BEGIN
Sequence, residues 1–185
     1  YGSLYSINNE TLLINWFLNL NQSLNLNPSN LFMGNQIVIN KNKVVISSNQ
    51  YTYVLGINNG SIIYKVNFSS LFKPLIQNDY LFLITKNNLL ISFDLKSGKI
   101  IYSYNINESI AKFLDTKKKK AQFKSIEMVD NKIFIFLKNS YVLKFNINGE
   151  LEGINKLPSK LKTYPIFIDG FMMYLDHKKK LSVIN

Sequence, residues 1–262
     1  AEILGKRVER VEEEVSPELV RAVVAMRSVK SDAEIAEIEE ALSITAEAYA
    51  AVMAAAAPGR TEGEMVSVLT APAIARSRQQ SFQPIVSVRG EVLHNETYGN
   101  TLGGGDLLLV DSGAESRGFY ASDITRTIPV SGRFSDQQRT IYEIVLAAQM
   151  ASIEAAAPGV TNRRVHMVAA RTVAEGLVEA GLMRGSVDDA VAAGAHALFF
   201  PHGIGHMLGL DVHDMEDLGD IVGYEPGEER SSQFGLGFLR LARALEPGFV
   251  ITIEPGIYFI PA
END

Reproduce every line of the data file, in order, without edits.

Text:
Sequence, residues 1–185
     1  YGSLYSINNE TLLINWFLNL NQSLNLNPSN LFMGNQIVIN KNKVVISSNQ
    51  YTYVLGINNG SIIYKVNFSS LFKPLIQNDY LFLITKNNLL ISFDLKSGKI
   101  IYSYNINESI AKFLDTKKKK AQFKSIEMVD NKIFIFLKNS YVLKFNINGE
   151  LEGINKLPSK LKTYPIFIDG FMMYLDHKKK LSVIN

Sequence, residues 1–262
     1  AEILGKRVER VEEEVSPELV RAVVAMRSVK SDAEIAEIEE ALSITAEAYA
    51  AVMAAAAPGR TEGEMVSVLT APAIARSRQQ SFQPIVSVRG EVLHNETYGN
   101  TLGGGDLLLV DSGAESRGFY ASDITRTIPV SGRFSDQQRT IYEIVLAAQM
   151  ASIEAAAPGV TNRRVHMVAA RTVAEGLVEA GLMRGSVDDA VAAGAHALFF
   201  PHGIGHMLGL DVHDMEDLGD IVGYEPGEER SSQFGLGFLR LARALEPGFV
   251  ITIEPGIYFI PA